“Your sister!?” he yelled. “Why involve that meddler when you can't handle your responsibilities? All she's going to do is tell everyone we can't raise the kids and need others' help! You wanted kids, so take care of them!! And I shouldn't have to suffer your incompetence or scheduling issues!”

Anger rose in her, and she clenched her fists so hard it hurt; but she was too scared to look him in the eye. She stared fixedly at a pair of shoes on the floor but managed to respond, without taking her eyes off her pumps:

“I have to cover for a colleague... I'm just asking for help this one time, I've been running around for work and the kids all week...”

She felt Richard's breathing quicken, and without daring to look up, she knew the vein on his forehead was pulsating. He moved even closer to her, almost touching, and she suddenly regretted starting this argument.

“Your job…” he said. “How many times have I asked you to quit? With two kids, you should be taking care of them full-time!”

“But I love my job,” she replied, tears in her eyes and her voice trembling, “seeing my clients and colleagues is what gets me out of bed in the morning, they're the only people I see outside of this family...”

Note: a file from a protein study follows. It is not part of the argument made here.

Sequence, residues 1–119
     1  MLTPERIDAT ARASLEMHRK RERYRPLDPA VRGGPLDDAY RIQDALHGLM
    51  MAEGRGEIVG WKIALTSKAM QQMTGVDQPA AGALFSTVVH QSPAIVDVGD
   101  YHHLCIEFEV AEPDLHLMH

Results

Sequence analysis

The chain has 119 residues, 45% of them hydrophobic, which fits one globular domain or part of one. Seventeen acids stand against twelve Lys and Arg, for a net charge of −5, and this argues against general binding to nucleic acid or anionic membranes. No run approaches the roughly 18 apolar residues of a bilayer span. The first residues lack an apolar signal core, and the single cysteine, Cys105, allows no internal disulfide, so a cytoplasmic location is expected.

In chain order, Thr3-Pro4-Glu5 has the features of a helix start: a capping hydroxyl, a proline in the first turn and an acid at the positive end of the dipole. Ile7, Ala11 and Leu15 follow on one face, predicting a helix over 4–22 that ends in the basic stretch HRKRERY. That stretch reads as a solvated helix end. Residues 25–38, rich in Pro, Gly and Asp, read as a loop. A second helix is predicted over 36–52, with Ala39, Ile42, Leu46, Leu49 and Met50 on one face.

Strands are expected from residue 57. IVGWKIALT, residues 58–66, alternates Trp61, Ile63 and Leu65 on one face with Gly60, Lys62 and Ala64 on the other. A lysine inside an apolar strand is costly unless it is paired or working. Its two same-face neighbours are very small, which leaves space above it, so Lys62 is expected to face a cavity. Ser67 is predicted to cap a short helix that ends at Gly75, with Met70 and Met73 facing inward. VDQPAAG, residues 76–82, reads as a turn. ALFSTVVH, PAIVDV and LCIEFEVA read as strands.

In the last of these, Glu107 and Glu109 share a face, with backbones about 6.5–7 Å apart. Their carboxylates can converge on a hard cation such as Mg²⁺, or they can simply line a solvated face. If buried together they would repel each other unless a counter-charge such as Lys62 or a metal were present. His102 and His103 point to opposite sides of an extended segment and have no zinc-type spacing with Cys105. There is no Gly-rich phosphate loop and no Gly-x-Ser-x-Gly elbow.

“You call that a job?” he said contemptuously. “I earn four times your salary, we don't need it! All you do is style the same people over and over! What's the point? And if you were any good at it, you might have ended up owning your own salon, but no! You're just an employee, doing a crappy job, paid like crap, and you can't even take care of your family! It's pure pride and selfishness on your part. You're a bad mother who puts herself before her children. And you have the audacity to dump your responsibilities on me!”

“You're being unfair, I need this job,” she replied. Her voice was just a whisper. Tears blurred her vision.

Richard straightened up, stepped back, and sized her up from head to toe. Then, he finished the dispute with a final blow:

“Why are you wearing a dress to go to work? You think someone is going to look at you? At your age? You're a mother, get a grip.”

Then he went back to finish shaving in the bathroom; Christine slid to the floor and began to cry silently, her head in her trembling hands.